Swansea tidal lagoon: 'Substantial' offer from Carwyn Jones
The first minister has offered cash to help kickstart plans for a £1.3bn tidal lagoon energy project in Swansea Bay.
Carwyn Jones said the Welsh Government would offer a "substantial" investment, but did not say how much.
He accused the UK government of "dragging its heels" over the scheme, nearly a year since an independent review recommended it be backed.
The company behind the scheme is trying to agree a subsidy with UK ministers for the electricity it would generate.
A Welsh Government source told BBC Wales that the sums involved in its offer were in the tens of millions of pounds.
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In December Welsh Secretary Alun Cairns told a committee of MPs the scheme's approval depended on it being "value-for-money".
Mr Jones claimed the UK could become "a world leader in a new global industry".
Lagoon backers welcomed the pledge of Welsh Government support as "the breakthrough our project needed".
In a letter to Prime Minister Theresa May, Mr Jones said: "I want to make clear that I am prepared to consider a substantial equity and/or loan investment by the Welsh Government if that would enable the project to move forward.
"This investment could help to reduce the cost of capital for the project and hence reduce the subsidy requirement over the lifetime of any contract for difference."
In January 2017, a report by former energy minister Charles Hendry ordered by the UK government recommended that tidal lagoons could play "a cost-effective role in the UK's energy mix", adding that there was "considerable value in a small pathfinder project".
Confirming his appeal to the prime minister, Mr Jones said: "This would be the world's first tidal lagoon power plant, which would create thousands of high quality jobs, supply a significant proportion of the UK's energy needs and position Britain as a world leader in a new global industry.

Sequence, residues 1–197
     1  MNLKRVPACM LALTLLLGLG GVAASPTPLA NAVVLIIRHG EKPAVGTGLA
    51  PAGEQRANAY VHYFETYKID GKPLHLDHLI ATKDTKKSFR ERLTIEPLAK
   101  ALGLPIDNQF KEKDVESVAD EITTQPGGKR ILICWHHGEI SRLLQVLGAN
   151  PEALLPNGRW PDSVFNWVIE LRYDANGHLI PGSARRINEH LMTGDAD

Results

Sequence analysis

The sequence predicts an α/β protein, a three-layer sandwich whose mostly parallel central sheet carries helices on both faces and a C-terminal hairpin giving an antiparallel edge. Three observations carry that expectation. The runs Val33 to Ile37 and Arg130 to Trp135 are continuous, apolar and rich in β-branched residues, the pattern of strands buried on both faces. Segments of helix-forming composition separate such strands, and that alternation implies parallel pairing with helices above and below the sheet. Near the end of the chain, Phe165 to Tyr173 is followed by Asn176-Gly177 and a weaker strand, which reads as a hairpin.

"And, yet, the UK Government has been dragging its heels for over a year. This is leading to a growing sense of frustration among the Welsh business community and an increasing risk that the lack of a decision will turn into a decision not to proceed.
"Now is the time for the UK Government to stop stalling and get on with agreeing a strike price so we can make this transformative project a reality."
The strike price is an agreed price which customers would pay above the market rate for energy from a particular project in order to cover the costs of construction.
Tidal Lagoon chief executive Mark Shorrock welcomed the Welsh Government's backing, saying: "This is the breakthrough our project has needed.
"We thank the First Minister and his team for their leadership," he said.
"We look forward to working alongside the Welsh Government to now close the deal for Swansea Bay Tidal Lagoon with the UK government."
Also welcoming the offer, Plaid Cymru's energy spokesman Simon Thomas said he had previously urged Welsh ministers to take a stake in the scheme but that if Wales "had power over this type of project rather than Westminster we would have given the green light already".
South Wales West Conservative Suzy Davies said that, although it was "only right" for the Welsh Government to contribute to the costs, "until we know the details we can't be sure that this proposal is game-changing".
A UK government spokesman said: "We want to ensure that the UK has a diverse, secure and affordable energy mix but it must provide value for consumers.
"That's why we are looking carefully at the potential to harness the UK's natural resources to make our energy mix cleaner, more sustainable, and value for money for all UK taxpayers and consumers."